It was April 10, 2001. Someone had cut the throats of Mary Fisher and her two children, Brittney, age 12 and Bobby, 10. Mary Fisher also had been shot in the back of her head.
The remains of all three victims were found in their beds. A natural gas line in the house had been severed. Someone poured a flammable liquid throughout the home to make the fire spread faster, lit a candle and then left.
Ten hours later, the home exploded and burned to the ground.
What was left of Mary Fisher and the children's bodies was barely recognizable. Mary Fisher's husband, the children's father — Robert Fisher, was nowhere to be found.
"All signs pointed to Robert Fisher as the suspect," Scottsdale police Detective Hugh Lockerby told CNN's "The Hunt with John Walsh." Friends and neighbors said the couple had been having problems.
"They did not have a happy marriage," said Wade Rencsok, a former neighbor.
Police believe Mary Fisher was going to leave Robert and divorce him. But Robert Fisher, who'd suffered through his own parents' divorce as a teen, "wasn't going to let that happen," Lockerby said.
Robert Fisher made his living as a respiratory tech at a medical clinic. Before that, he'd worked as a firefighter and served in the Navy, where he'd tried out — and failed — to join the Navy SEAL program.
People who knew him said Fisher could be aggressive and controlling. He'd been a hunter and outdoorsman since he was a young adult.
Friends told stories about Fisher's odd behavior — like when he killed an elk and then smeared its blood over his body.
Or the time during a fishing trip when he was seen swimming across a lake holding a Bowie knife in his teeth.
Investigators suspected Fisher had set his house on fire to destroy evidence of the killings and perhaps to fake his own death.
But a house fire wasn't going to cover up the bullet that was lodged in Mary Fisher's head. "Fires don't burn bullets," said retired Scottsdale police detective TJ Jiran.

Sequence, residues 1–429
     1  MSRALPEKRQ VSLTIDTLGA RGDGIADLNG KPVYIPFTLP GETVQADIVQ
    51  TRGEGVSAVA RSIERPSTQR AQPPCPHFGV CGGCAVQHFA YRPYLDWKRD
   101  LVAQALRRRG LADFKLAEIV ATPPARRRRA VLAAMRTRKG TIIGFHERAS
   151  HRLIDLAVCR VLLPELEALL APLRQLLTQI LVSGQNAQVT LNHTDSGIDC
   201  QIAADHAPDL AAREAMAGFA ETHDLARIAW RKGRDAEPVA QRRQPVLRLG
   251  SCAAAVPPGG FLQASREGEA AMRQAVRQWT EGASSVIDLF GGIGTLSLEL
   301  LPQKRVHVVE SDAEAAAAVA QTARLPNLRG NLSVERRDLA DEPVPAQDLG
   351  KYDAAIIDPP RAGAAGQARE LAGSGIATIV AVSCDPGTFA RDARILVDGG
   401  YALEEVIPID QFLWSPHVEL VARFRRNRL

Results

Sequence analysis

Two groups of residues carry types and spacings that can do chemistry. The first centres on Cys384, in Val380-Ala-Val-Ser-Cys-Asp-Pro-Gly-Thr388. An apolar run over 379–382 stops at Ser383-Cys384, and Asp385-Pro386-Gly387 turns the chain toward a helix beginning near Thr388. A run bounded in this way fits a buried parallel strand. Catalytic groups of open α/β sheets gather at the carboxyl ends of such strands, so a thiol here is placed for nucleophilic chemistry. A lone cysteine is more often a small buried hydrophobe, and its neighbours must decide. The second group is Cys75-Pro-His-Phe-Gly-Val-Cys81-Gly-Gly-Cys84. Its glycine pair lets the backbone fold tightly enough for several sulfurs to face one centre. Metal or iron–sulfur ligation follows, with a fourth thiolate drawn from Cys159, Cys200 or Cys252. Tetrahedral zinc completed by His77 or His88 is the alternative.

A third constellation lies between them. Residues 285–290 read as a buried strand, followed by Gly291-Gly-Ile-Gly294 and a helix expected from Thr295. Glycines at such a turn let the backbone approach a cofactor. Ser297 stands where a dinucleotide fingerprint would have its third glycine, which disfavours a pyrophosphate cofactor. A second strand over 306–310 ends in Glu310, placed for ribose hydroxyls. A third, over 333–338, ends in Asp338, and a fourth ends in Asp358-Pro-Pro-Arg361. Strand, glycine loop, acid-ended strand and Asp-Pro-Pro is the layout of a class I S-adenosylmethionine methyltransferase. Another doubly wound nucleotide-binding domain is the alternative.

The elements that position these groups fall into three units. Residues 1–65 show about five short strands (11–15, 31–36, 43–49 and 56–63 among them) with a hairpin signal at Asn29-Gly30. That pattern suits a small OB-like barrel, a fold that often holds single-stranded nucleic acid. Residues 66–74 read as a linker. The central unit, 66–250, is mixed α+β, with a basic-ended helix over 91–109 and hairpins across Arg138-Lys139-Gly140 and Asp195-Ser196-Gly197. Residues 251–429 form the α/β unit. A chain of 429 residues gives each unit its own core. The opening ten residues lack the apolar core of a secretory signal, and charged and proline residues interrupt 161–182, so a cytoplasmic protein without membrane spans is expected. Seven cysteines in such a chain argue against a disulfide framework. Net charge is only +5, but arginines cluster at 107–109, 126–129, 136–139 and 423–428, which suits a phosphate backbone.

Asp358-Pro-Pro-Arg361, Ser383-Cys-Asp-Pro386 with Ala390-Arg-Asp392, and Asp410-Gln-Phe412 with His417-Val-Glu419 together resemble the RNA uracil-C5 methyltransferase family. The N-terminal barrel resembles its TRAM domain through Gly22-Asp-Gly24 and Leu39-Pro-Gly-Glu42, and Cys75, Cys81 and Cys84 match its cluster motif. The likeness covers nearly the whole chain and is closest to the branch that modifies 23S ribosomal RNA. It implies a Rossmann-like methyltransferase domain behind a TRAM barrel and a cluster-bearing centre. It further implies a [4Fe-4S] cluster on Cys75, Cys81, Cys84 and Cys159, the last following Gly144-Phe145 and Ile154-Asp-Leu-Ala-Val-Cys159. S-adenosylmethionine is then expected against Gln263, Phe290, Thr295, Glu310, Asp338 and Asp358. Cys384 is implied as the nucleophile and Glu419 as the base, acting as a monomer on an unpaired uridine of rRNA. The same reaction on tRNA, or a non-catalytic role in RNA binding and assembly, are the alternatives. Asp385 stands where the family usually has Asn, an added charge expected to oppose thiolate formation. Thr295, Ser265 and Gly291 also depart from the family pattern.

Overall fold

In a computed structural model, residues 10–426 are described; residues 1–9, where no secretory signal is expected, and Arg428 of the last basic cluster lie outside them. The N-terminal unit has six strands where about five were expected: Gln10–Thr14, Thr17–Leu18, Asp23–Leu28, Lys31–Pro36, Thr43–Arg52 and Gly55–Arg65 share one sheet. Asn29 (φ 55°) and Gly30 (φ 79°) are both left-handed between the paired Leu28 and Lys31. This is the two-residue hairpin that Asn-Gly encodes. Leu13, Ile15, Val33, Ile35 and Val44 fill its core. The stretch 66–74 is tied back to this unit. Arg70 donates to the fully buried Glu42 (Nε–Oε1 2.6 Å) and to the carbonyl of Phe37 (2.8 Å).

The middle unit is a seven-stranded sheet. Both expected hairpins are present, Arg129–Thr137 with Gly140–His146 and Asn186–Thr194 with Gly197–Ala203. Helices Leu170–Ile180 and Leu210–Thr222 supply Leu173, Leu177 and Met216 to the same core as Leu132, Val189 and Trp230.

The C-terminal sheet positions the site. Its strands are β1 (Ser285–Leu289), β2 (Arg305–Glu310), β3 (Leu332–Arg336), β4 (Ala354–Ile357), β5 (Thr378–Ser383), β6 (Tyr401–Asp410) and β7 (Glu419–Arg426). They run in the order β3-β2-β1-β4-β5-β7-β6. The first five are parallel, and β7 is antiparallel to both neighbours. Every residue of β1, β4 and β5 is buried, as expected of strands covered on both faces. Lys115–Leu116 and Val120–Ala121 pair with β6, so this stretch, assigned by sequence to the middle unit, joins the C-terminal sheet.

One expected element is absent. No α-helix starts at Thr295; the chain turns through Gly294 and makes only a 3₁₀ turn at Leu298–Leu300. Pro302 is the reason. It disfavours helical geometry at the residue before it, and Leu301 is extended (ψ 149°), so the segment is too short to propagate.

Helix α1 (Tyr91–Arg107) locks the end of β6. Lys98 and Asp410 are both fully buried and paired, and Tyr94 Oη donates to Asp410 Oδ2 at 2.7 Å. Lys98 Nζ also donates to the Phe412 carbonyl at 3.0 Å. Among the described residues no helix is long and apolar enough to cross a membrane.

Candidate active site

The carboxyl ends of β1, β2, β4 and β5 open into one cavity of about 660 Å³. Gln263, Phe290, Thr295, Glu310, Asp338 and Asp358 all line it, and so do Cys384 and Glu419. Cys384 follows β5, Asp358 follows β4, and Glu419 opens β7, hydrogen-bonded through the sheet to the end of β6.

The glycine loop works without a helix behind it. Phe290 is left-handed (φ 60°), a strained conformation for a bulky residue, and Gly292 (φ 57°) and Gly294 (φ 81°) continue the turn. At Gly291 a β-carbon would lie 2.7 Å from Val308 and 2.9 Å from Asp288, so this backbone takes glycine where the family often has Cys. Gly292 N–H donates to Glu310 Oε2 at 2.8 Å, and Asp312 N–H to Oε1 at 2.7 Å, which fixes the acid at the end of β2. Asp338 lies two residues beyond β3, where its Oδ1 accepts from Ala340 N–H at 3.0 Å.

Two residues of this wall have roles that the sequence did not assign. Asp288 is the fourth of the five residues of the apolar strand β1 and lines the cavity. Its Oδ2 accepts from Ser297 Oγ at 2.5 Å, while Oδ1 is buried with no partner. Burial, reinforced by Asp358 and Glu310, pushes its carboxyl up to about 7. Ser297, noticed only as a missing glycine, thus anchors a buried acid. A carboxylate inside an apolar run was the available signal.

A neighbor said they heard the couple arguing the night before the fire. Based on that, police guess the murders took place between 9:30 p.m. and 10:15 p.m.
At 10:43 p.m., Robert Fisher appeared on an ATM camera, along with Mary Fisher's Toyota 4Runner.
Then 10 days after the house fire, the 4Runner was discovered parked empty in a remote pine forest northeast of Scottsdale. Police suspected Robert Fisher was hiding out in the area's mountains, canyons and caves.
SWAT teams along with search and rescue units were called in to scour the area. "We did not find any evidence of Robert Fisher there," Lockerby said. "We believe that he had some sort of alternate means to leave the area."
Jiran said he spoke to a witness "that possibly saw" Fisher walking north on a road near where the 4Runner was discovered. "Is he living up there in the woods right now? Is he really that survivalist? Who knows what these guys do when they run?" Jiran said.
Fifteen years later, the mystery remains unsolved. Is Robert Fisher dead? Or has he been successfully dodging police and the FBI? Fisher was relatively young at the time of the house fire — 39 years old. Now he would be 54 — much older, with more physical limitations.
"I can't picture Robert being alive and not contacting us for [so many] years," said Robert Fisher's sister Jean Rountree. "So I have to believe there's another answer out there."
Fisher has been on the FBI's Ten Most Wanted List since 2002
. "We've tracked leads all over the world, but none have panned out," said Lockerby.
Charged with murder
Height: 6 feet
Weight: 190 pounds
Scottsdale, Arizona, police
"We found out that there was a darker side to Robert Fisher," said detective Hugh Lockerby.
Former Scottsdale police detective
"He snapped. And I don't understand it. And I don't want to try to understand it," said retired detective TJ Jiran. "The only person who knows why he did it is Robert."
"They did not have a happy marriage," said former neighbor Wade Rencsok.
"They screamed constantly. Everybody heard it. You could hear it in the house next door. And you never really heard him scream, which is kind of weird. I mean he had a way about him, but you never heard him scream. You always heard his wife screaming. Things like, 'You're worthless. I could have done better than you. We should get a divorce.'"
The fugitive's sister
"If he was found alive that would give us answers," said Fisher's sister Jean Rountree. "Because the only option if he was found alive is that he did do it."